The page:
"I am my supervisor," she said.

Never mind that my own father had died in a plane crash years before. I was determined to get on that ancient, rickety Russian jet. On my way over from Costa Rica, the pilots had insisted all the passengers pack onto the back of the plane during take-off so that the nose of the old jalopy would start to lift on the way down the runway. So they could actually get the plane off the ground. They had been kind enough to let us spread out into seats toward the front of the plane once we were airborne.

Her ID was clipped to her shirt. I grabbed it and held on, leaned into get a glimpse of her name. This was a mistake. She wheeled around, screamed, flapped her arms, and pulled away before I even knew what was happening. I was left holding the ID.

It had torn off of her shirt. I let it drop to the floor as if had fallen accidentally. Then I picked it up again and offered it to her. Now she didn't want it. She just screamed some more. Suddenly I felt very nervous. I looked at the ID as she went on screaming as I tried to commit her name and employee number to memory before I dropped the badge on the floor. But now the writing on the badge looked to me like gibberish.

It's amazing what adrenaline can do to the body. It can, for example, in milliseconds give a man the strength of a gorilla, the strength to lift a two-ton log off of a loved one. It can also render a person of reasonable intelligence gorilla-like in their mental capacities. Though I haven't explored this scientifically, it seems to me that adrenaline has its most profound affect on the brain's language center.

This was my experience here in the Jose Marti International airport in Havana. My Spanish, which I actually speak reasonably well, simply vanished. It was gone. There was no question about it. Suddenly I couldn't understand a word. Even in my native tongue, my thoughts were suddenly rendered to one or two word sentences.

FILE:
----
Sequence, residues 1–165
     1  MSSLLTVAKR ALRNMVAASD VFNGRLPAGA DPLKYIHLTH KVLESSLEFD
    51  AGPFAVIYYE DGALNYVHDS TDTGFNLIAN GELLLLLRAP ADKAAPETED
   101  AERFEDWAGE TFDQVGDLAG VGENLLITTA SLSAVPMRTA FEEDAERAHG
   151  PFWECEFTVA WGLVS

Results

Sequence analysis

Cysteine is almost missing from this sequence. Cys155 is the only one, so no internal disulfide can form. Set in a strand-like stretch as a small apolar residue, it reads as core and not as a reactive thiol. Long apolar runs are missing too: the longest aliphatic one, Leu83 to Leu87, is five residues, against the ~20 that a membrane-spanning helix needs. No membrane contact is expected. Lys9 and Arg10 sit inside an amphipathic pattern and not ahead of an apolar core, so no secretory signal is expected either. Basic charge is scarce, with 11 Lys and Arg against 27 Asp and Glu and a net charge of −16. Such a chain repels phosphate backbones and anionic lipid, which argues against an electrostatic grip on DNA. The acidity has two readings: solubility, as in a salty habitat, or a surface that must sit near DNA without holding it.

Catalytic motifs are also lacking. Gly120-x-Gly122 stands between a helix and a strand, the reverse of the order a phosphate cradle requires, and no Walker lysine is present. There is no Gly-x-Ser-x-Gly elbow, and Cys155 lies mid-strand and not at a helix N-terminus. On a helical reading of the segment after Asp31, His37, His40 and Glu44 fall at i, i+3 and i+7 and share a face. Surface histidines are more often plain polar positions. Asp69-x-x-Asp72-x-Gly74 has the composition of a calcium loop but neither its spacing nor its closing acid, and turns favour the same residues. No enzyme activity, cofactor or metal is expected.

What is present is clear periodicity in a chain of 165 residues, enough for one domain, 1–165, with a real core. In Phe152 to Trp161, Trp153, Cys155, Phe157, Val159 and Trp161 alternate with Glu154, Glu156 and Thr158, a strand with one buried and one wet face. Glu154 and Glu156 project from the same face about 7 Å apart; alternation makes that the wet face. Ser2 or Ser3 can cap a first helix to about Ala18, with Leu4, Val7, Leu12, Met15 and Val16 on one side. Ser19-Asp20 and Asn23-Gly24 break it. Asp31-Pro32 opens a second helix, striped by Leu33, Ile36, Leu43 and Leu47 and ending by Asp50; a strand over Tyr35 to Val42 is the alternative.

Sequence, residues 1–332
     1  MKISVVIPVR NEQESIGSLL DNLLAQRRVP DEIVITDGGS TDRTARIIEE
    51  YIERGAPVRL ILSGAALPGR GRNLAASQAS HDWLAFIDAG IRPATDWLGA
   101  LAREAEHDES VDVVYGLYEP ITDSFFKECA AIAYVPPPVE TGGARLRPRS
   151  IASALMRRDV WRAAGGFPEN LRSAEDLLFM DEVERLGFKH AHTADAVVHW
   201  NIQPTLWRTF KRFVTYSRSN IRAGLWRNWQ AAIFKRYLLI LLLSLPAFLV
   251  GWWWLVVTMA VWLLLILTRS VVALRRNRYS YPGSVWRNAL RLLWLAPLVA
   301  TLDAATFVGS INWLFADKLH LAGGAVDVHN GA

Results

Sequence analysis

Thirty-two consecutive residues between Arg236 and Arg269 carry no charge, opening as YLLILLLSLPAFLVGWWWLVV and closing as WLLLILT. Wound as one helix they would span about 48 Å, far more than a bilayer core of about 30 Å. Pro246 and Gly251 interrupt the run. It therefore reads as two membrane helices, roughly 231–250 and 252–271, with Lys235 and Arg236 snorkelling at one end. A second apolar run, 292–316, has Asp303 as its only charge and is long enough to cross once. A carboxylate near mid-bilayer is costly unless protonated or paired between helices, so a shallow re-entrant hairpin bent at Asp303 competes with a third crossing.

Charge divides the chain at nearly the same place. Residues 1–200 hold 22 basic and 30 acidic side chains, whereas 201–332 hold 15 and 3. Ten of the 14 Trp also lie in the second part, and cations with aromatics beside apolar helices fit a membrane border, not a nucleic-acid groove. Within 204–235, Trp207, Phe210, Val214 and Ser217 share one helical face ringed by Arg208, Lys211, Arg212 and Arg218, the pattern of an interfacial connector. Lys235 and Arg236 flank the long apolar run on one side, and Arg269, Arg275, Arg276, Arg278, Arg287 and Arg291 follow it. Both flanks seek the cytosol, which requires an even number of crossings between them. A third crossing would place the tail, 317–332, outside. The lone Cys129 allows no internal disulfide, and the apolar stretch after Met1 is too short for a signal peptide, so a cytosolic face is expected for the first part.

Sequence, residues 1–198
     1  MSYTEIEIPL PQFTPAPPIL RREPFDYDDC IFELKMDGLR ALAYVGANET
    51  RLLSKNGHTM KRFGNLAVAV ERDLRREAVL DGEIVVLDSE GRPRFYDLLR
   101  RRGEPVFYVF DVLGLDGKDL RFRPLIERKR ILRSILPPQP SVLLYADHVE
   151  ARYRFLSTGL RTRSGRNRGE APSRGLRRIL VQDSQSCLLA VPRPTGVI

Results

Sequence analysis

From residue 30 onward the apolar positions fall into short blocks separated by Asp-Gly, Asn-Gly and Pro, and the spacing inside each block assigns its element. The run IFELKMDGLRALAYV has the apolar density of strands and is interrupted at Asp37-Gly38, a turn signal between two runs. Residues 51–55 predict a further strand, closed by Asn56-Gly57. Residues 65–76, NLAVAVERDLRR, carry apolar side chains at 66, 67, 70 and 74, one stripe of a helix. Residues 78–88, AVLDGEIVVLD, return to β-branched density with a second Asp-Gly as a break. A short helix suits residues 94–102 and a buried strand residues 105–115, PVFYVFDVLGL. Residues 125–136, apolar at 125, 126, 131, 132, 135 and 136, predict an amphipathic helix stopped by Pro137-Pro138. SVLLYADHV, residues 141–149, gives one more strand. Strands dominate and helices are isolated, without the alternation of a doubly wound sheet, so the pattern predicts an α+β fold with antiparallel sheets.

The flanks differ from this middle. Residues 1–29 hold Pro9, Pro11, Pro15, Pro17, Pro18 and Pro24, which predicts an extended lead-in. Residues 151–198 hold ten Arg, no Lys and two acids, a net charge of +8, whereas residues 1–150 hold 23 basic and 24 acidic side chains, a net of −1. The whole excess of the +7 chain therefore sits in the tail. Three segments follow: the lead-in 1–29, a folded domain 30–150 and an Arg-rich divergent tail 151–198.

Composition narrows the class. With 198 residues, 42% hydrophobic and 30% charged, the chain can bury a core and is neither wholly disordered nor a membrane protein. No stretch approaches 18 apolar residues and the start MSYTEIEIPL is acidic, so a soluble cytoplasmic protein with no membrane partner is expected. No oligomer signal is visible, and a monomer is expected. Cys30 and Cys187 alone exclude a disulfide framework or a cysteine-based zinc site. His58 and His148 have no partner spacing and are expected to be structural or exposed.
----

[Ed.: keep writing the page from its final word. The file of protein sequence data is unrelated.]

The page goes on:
"THINK."

"ASK CALL."

"NEED EMBASSY."

"NO NERVOUS."

"NO RUN."

Now dumb, I simply handed the ID back to her and walked back to my luggage, which was still next to the check-in counter. The Cuban cabbie who had insisted on helping me carry my bags in was standing there guarding them.

"Let's go," I said.

We made it about halfway across the terminal when I saw the suits coming. I considered walking more briskly, but where was I going to go? What was I going to do? Rush out of the airport, run to the Havana shoreline, and swim home? The Cuban security officers, in suits, swarmed.

"It's okay, I just wanted to get her name," I told them.

"Why was she screaming?"

"I don't know." I paused for effect-and because I couldn't think of an explanation that wasn't incriminating.

"I'll be going now," I said.

"Just wait here," they said.

"My taxi is waiting."

"No, stay with us."

They just kept coming. More and more Cubans in suits with wires in their ears.After about ten minutes of standing around, attempting to explain the situation in my suddenly horrendous Spanish, the police arrived. One Russian Lada, then another, then a cop on a Russian URAL motorcycle. Now there were twelve uniformed Cubans with guns surrounding me.



Stephen Byler: Here, There, and Nowhere' photo

Stephen Byler was born in Lancaster, PA. His first collection of fiction, Searching for Intruders, was a New York Times Notable book.